- The Center for Government Excellence (GovEx) at Johns Hopkins University released a new toolkit to help cities ensure that automated decisions based on algorithms in fields like criminal justice or higher education are free of bias.
- The tool leans on a risk management approach to lay out the risks and benefits of relying on algorithms for civic decisions, and to identify where automation and artificial intelligence (AI) may unfairly target certain citizens. GovEx said in a statement that the goal is to help local leaders proactively quantify risks and identify ways to handle them.
- "Instead of wringing our hands about ethics and AI, our toolkit puts an approachable and feasible solution in the hands of government practitioners — something they can use immediately, without complicated policy or overhead," Joy Bonaguro, Chief Data Officer for San Francisco, said in a statement. The city and county helped on the project alongside the Civic Analytics Network at Harvard University and Data Community DC.
Cities have turned to AI or algorithms for a variety of city functions, especially criminal justice. For example, many states use a computer program to predict whether an inmate will commit another crime, using the results to influence decisions about sentencing or parole. But those systems have been dogged with accusations of built-in bias; a 2016 ProPublica investigation found that one formula was likely to incorrectly identify black defendants as future criminals at almost twice the rate of white defendants, and that overall white defendants were mislabeled as low risk more often than black ones. A 2018 study from Dartmouth College researchers found that one risk-assessment algorithm was about as accurate at predicting recidivism as a random online poll of the general public.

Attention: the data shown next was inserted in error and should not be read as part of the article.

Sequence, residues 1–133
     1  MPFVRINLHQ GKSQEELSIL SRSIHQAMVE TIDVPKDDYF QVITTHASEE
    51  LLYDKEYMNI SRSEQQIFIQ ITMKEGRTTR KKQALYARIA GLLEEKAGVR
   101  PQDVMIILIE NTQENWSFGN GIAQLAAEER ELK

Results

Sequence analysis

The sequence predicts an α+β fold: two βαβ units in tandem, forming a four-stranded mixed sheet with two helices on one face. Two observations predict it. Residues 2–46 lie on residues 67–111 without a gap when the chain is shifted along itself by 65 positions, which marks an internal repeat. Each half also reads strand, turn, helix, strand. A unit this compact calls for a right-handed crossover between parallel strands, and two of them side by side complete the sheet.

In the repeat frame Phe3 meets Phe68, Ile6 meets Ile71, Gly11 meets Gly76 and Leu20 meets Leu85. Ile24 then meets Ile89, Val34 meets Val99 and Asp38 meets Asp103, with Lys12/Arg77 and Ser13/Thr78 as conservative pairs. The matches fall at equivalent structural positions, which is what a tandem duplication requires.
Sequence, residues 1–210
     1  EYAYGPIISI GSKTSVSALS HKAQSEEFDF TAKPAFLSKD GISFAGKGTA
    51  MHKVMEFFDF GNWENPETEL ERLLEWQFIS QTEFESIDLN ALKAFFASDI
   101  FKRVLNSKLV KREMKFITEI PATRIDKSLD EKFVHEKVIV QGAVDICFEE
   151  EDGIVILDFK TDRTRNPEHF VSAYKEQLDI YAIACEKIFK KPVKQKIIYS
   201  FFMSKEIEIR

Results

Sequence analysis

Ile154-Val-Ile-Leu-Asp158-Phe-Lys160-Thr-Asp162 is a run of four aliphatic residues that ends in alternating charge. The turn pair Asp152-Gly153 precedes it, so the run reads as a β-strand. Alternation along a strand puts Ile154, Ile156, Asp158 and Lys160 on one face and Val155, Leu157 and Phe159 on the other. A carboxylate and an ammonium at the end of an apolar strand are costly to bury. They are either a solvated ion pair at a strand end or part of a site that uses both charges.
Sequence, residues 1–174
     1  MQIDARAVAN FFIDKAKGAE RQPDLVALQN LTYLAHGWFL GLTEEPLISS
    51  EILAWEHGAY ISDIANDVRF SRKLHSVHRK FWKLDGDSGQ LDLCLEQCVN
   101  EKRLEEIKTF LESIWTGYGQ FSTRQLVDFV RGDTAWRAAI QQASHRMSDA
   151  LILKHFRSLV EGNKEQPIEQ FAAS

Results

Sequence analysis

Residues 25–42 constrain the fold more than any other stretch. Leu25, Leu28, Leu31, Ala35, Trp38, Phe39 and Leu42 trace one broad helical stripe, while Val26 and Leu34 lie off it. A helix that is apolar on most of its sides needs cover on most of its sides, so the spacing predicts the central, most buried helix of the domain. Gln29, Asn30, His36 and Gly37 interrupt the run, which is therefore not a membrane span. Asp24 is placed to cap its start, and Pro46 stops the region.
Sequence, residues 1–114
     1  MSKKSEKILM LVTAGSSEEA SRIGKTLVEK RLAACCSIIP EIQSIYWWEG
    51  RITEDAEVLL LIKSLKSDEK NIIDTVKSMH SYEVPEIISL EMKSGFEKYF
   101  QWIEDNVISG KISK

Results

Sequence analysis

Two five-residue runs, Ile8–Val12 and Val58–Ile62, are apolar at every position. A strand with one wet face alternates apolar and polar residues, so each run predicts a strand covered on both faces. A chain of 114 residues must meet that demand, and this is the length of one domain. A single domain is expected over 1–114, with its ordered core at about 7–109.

New York City last year passed a bill that would create a task force to examine where automated decision systems could contain bias and recommend to agencies how to address it. (The task force was convened in April.) It's similar to what GovEx is trying to do with its new toolkit. Similarly, tech companies have been trying to tweak algorithms that have allowed some hate speech to flourish, or inadvertently cracked down on other non-inflammatory posts.
There is great potential for AI to help streamline some civic functions. San Francisco partnered with Code for America on an algorithm to help clear marijuana citations from citizens’ criminal record in response to a state law legalizing marijuana, meaning citizens wouldn’t have to go through the bureaucratic process themselves. But cities need to be wary of leaning too much on technology that might harm minorities or disadvantaged groups — better education and attention around how algorithms work is a step to keeping them fair.